Pope expected to visit Malta
Pope Benedict XVI has accepted an invitation to visit Malta for a day next year to mark the anniversary of St Paul's shipwreck that brought Christianity to the island.
Archbishop Paul Cremona said following the invitation by Maltese bishops and, more recently, by President George Abela, the Pope's visit is expected to take place at the end of April or the beginning of May.
Details of the Pope's programme will be determined after a team from the Vatican visit Malta, between October 14 and 16, to access the feasibility of the trip and plan it.
"The Pope has expressed that he wishes to come to Malta. Now it depends on next month's visit," Mgr Cremona said, adding the visit was "almost definite".
He said the Maltese bishops would have liked the Pope to come to Malta to mark the Pauline year that closed in July, but this had not been possible.
It was then suggested he visit in April 2010 to mark the anniversary of St Paul's shipwreck in Malta 1,950 years ago.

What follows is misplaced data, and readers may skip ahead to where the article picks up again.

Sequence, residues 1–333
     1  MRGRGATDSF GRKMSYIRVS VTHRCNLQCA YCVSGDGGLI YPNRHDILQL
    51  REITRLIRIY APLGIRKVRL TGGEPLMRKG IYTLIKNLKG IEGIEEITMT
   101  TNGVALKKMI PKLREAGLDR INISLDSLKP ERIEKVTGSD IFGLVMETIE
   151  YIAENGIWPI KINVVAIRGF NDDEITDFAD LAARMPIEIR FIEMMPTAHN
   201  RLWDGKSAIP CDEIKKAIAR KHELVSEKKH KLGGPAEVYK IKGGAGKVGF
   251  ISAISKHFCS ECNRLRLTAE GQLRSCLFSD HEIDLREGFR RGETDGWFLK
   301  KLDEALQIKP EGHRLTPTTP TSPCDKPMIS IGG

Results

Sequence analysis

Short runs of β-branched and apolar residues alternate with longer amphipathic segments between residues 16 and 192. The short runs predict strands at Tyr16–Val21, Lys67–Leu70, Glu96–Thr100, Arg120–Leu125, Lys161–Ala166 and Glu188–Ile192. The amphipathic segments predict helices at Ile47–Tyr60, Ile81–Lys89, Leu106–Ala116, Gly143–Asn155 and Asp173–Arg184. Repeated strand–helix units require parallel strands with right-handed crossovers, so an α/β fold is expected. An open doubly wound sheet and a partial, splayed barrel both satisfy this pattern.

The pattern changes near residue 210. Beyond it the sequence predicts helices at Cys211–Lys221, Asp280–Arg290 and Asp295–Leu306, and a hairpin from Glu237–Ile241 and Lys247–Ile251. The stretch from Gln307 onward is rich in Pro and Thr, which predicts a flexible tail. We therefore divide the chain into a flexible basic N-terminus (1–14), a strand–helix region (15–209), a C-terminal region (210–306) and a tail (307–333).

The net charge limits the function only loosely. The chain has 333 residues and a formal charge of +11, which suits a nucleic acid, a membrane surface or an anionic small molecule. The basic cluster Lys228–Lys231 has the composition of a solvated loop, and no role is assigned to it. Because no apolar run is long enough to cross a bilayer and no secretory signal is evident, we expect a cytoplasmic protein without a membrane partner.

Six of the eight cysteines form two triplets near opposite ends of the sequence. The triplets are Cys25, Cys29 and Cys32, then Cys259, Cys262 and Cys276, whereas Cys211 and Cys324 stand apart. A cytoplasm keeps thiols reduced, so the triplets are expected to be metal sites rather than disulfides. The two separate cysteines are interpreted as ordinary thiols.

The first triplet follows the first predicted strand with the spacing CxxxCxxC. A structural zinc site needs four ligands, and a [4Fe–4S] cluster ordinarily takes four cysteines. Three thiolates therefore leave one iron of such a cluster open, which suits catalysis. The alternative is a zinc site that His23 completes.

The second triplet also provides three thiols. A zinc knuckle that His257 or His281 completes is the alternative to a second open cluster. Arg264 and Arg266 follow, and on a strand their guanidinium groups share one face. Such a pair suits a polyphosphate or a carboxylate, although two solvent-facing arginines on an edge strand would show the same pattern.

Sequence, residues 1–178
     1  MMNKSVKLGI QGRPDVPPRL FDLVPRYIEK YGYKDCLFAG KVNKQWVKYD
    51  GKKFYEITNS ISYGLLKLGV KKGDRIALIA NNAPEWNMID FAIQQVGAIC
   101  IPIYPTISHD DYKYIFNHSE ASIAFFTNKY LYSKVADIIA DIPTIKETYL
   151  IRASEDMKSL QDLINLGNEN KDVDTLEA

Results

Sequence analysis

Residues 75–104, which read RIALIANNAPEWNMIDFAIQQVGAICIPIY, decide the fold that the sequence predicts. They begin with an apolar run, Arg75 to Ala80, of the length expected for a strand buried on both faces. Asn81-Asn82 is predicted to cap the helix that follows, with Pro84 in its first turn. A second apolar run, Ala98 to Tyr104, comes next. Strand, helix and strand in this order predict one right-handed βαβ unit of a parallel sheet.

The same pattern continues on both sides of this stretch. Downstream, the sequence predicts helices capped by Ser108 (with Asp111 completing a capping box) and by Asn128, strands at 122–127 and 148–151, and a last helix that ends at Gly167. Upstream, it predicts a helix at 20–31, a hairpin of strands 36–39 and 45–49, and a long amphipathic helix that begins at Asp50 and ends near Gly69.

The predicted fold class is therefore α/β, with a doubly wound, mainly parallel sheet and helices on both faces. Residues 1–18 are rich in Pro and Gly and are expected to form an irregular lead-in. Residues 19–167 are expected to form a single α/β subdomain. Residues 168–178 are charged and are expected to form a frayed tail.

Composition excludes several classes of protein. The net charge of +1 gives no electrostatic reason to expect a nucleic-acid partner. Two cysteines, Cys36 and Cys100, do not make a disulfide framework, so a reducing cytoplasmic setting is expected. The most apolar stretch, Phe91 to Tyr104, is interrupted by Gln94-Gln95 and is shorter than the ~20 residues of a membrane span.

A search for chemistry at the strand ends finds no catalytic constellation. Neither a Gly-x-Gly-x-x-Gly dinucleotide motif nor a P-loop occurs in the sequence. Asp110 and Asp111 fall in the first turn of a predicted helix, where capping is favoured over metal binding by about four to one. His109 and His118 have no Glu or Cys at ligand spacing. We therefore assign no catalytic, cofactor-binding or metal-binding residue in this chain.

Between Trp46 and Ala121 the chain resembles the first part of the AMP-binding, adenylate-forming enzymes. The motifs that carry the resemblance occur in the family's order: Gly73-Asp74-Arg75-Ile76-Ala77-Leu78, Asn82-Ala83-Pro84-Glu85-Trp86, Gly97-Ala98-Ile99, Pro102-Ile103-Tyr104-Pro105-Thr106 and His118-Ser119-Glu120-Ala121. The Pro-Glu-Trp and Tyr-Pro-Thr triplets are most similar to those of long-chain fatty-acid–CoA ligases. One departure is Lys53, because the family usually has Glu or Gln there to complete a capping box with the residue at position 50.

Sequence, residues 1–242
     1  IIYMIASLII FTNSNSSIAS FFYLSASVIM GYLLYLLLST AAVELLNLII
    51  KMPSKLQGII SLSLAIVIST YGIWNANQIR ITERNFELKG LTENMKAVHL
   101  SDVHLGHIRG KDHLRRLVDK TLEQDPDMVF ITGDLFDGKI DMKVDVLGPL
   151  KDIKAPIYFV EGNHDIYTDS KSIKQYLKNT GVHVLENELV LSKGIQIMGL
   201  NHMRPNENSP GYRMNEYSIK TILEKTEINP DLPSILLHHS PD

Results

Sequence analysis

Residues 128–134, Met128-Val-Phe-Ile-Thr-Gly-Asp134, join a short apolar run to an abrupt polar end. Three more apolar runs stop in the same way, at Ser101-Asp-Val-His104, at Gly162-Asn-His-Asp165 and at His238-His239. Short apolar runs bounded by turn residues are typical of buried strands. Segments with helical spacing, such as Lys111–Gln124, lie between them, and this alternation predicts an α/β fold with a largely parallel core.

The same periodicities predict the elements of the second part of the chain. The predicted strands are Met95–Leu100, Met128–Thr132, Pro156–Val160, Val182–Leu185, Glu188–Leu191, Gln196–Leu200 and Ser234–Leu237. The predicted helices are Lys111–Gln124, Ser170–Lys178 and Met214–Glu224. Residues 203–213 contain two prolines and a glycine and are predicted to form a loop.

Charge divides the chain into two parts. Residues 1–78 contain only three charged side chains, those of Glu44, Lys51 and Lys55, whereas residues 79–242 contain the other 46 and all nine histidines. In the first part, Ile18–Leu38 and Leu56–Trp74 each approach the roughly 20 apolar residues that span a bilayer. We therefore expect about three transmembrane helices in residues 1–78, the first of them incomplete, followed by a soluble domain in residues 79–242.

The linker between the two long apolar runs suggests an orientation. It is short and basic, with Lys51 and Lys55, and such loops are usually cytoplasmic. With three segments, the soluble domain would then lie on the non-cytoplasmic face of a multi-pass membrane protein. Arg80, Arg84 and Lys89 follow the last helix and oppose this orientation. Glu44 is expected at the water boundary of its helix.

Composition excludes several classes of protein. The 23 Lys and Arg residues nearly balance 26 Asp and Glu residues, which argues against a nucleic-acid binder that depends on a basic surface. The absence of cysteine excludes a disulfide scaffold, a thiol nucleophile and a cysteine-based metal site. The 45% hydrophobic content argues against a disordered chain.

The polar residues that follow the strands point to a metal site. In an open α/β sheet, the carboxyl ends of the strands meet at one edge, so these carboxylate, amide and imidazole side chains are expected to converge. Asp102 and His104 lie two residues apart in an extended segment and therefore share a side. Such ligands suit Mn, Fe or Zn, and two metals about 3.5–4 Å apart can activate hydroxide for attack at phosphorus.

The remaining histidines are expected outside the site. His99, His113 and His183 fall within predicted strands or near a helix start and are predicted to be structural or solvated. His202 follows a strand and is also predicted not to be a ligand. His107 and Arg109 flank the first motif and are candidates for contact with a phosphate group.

"I have met Pope Benedict XVI before and I was always impressed by the way he smiled when I mentioned I was the Archbishop of Malta... According to my interpretation, this is because our faith can still be felt even though we do have challenges to face as a nation," he said.
Since he became Pope in 2005, Pope Benedict has made 12 apostolic visits outside Italy. This month he will visit the Czech Republic.
The Pope's visit to Malta would be the third visit of a Pontiff to the island.
His predecessor, John Paul II, who became Pope in 1978, visited the island twice over a span of 11 years. The first three-day visit was in May 1990, his 48th apostolic trip outside Italy.
The second visit was even more significant as he beatified Dun Gorg Preca (who has since become a saint), Adeodata Pisani and Nazju Falzon during the visit.
Pope John Paul II had also arrived in Malta on May 8, 2001, on the last stop of a pilgrimage in the footsteps of St Paul, which also took him to historic visits to Greece and Syria.
St Paul's shipwreck has been the source of a strong link between Malta and the Vatican.
Last year, Pope Benedict declared a year dedicated to St Paul, known as the Pauline Year. In Malta, the diocese of Malta and Gozo organised various initiatives to celebrate the year.